© Institut Cartogràfic i Geològic de Catalunya (ICGC)
Public domain

A few years later, the mural began to be related to other groups discovered in the mountain ranges of the pre-coastal Mediterranean peninsular. In 1915, Joan Cabré analysed the similarity of the ornaments of the human figure with figures observed in Alpera and El Charco del Agua Amarga.

The same author examined in detail the colouring and tonalities of the female figures and followed Breuil’s hypothesis, ascribing the paintings to the late Upper Palaeolithic.

Tracing produced by Juan Cabré and published in his study El arte rupestre en España in 1915
Biblioteca Virtual del Consell Superior d’Investigacions Científiques (CSIC)

Later, in 1952, Martín Almagro summarised and reviewed all the studies conducted until that time. He identified a total of 45 painted figures and various engravings.

This was the first copy to include Iberian and Roman inscriptions. The chronological attribution proposed by this author falls within the Mesolithic period.

calc roca dels moros
Tracing by Martín Almagro Basch published in El Covacho con pinturas rupestres de Cogul (Lerida) in 1952.
Instituto de Estudios Ilerdenses

In 1985, documentation of the rock paintings was conducted by the specialists Ramon Viñas, Anna Alonso and Elisa Sarriá as part of the Corpus de Pintures Rupestres de Catalunya (Corpus of Rock Paintings of Catalonia) project by the Department of Culture’s Archaeology Service.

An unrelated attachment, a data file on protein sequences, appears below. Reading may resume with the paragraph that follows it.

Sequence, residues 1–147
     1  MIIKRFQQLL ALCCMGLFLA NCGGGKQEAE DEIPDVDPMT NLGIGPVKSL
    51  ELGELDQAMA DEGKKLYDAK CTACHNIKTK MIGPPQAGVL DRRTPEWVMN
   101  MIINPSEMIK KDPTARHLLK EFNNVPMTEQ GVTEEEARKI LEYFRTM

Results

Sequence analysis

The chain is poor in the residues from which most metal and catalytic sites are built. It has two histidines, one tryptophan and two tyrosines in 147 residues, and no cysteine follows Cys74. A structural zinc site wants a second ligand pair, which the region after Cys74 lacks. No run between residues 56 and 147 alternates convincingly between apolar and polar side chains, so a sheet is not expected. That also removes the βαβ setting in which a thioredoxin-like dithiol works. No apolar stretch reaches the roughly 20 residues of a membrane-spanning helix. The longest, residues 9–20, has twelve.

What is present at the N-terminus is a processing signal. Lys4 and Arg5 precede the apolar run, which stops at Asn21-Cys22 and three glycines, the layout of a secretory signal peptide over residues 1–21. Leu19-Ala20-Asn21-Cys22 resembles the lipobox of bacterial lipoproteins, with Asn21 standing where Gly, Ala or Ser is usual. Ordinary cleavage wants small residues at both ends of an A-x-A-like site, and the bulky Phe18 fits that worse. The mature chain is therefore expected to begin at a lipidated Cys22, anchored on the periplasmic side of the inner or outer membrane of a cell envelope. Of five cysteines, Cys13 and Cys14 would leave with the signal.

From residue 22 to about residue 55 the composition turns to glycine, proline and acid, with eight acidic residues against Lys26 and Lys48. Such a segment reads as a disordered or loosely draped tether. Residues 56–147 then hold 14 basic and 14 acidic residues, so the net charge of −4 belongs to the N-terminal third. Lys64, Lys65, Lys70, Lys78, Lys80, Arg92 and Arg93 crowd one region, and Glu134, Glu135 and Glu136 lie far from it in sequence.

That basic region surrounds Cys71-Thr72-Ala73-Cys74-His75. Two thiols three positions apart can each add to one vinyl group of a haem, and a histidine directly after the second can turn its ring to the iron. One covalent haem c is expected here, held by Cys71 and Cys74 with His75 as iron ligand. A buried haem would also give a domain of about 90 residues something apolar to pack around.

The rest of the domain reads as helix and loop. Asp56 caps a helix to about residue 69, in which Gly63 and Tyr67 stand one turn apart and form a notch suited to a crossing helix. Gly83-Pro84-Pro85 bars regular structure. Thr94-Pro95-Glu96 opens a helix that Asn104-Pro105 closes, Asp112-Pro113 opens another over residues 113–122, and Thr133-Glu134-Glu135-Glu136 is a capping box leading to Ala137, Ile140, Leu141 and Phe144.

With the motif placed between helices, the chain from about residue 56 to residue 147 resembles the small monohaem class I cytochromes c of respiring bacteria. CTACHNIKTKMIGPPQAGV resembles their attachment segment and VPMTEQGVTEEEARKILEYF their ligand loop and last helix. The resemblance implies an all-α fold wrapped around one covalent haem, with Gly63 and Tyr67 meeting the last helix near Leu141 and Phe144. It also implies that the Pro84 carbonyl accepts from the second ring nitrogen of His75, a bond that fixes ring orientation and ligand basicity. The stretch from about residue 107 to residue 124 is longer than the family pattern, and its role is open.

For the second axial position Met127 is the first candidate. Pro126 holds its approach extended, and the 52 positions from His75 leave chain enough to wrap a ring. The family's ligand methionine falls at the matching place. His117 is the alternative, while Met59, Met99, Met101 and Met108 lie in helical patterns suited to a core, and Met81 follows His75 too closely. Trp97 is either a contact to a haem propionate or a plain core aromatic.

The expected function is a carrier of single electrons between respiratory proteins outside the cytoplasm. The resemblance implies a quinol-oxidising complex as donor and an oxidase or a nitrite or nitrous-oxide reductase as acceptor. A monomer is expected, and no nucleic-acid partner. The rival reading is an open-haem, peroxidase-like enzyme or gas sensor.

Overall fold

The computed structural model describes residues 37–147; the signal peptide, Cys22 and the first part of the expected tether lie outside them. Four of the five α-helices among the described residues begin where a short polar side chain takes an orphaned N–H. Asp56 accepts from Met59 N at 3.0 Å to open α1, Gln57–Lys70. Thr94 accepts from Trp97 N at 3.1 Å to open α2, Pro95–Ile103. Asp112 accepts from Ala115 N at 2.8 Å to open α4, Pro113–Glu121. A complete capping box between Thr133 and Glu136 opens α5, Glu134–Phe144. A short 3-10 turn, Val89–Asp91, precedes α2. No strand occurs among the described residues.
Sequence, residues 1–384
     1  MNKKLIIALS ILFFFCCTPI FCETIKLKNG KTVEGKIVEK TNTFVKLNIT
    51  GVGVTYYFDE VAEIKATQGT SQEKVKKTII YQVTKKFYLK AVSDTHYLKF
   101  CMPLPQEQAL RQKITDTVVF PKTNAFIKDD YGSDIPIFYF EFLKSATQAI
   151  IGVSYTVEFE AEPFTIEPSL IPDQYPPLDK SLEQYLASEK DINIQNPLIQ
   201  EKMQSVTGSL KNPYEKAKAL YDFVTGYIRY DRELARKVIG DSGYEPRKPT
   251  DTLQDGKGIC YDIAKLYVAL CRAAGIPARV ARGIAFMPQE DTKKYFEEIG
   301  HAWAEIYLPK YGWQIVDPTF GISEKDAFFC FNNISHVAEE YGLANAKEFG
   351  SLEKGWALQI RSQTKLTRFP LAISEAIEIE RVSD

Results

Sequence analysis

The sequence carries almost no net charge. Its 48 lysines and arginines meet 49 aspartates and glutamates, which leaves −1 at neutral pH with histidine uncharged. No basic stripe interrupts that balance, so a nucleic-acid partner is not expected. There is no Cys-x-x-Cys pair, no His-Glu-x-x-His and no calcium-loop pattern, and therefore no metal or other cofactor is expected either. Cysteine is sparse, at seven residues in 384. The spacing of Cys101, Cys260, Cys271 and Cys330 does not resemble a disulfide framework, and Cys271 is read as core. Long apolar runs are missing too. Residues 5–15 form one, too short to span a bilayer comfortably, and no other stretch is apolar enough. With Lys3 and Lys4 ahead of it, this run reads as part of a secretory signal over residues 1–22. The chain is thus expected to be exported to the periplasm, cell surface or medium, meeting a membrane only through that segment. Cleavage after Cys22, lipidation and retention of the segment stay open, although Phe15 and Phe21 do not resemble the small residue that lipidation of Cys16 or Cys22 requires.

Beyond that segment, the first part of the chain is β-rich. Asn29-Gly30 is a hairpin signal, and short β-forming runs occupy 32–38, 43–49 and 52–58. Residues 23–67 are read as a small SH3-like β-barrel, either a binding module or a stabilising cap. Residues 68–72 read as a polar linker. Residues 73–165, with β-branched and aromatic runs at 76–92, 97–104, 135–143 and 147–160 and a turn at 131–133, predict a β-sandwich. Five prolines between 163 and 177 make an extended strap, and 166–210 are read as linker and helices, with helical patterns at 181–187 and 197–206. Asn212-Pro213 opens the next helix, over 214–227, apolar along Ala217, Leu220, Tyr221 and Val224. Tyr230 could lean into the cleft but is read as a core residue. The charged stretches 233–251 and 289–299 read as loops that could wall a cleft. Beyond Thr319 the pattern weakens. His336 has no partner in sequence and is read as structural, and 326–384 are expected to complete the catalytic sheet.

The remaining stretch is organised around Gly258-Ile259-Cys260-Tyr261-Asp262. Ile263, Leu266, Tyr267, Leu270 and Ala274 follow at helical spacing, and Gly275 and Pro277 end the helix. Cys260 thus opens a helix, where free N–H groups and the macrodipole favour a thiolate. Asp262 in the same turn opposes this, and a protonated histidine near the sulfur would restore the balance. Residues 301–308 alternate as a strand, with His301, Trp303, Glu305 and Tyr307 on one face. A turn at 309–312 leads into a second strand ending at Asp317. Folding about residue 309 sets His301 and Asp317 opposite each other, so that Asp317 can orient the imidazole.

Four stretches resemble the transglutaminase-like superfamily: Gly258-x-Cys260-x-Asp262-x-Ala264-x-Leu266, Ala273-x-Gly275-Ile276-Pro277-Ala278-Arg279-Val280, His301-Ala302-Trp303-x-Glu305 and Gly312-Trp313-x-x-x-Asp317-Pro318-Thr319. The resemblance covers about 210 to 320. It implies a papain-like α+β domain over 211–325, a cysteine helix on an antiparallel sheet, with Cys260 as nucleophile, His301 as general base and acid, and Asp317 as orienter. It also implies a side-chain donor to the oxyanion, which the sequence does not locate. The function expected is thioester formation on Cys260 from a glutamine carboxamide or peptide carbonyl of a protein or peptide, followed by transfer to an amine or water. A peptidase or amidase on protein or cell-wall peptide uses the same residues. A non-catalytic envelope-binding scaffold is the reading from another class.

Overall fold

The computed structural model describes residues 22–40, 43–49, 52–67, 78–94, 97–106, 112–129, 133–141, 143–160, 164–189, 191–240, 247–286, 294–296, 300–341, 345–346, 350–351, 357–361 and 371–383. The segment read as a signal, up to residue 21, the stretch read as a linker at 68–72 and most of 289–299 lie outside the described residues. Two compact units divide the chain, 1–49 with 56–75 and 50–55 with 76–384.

This documentation included a new tracing that records 42 painted representations, as well as providing fragments of new figures and various details that had not been observed in other works. The superimpositions were also identified as a sign of the complexity of the mural’s execution. 

Tracing by Ramon Viñas, Elisa Sarrià and Anna Alonso made in 1985

The Catalan Agency of Cultural Heritage commissioned new documentation work on Roca dels Moros in 2019 from the archaeologists Albert Rubio and Ramon Viñas, and a new copy of the mural, the most recent, was produced.

Tracing by Albert Rubio and Ramon Viñas between 2019 and 2020

Digital photography was used for the first time during this campaign as a method of investigating the mural, as well as the use of the specialised DStretch software, identifying faint pictographs that are barely visible and making it possible to discover new, hitherto unknown figures and new information of a formal and technical nature. These new findings enable a better analysis of the content of the mural as a whole.

Original digital photograph, 2019
© Agència Catalana del Patrimoni Cultural
Authors: Albert Rubio and Ramon Viñas

Digital photograph treated with DStretch software, 2019
© Agència Catalana del Patrimoni Cultural
Authors Albert Rubio and Ramon Viñas

The use of new technologies today, such as photogrammetry, 3D scanning and image analysis and processing software, offers a new dimension to the mural in the fields of both research and dissemination. 

Research with modern technologies brings us ever closer to a better understanding of past societies.

3D modelling, a tool for the conservation, research and dissemination of the site
© Agència Catalana del Patrimoni Cultural